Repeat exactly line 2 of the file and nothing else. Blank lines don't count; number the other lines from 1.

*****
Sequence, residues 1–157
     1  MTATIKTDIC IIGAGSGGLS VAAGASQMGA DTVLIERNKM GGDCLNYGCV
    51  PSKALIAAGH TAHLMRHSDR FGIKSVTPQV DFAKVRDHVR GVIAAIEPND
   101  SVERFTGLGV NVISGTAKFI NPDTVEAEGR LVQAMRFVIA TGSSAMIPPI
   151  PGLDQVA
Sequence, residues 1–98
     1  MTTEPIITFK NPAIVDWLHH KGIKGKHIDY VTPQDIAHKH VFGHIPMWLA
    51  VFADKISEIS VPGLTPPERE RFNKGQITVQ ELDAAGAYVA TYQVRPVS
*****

     1  MTATIKTDIC IIGAGSGGLS VAAGASQMGA DTVLIERNKM GGDCLNYGCV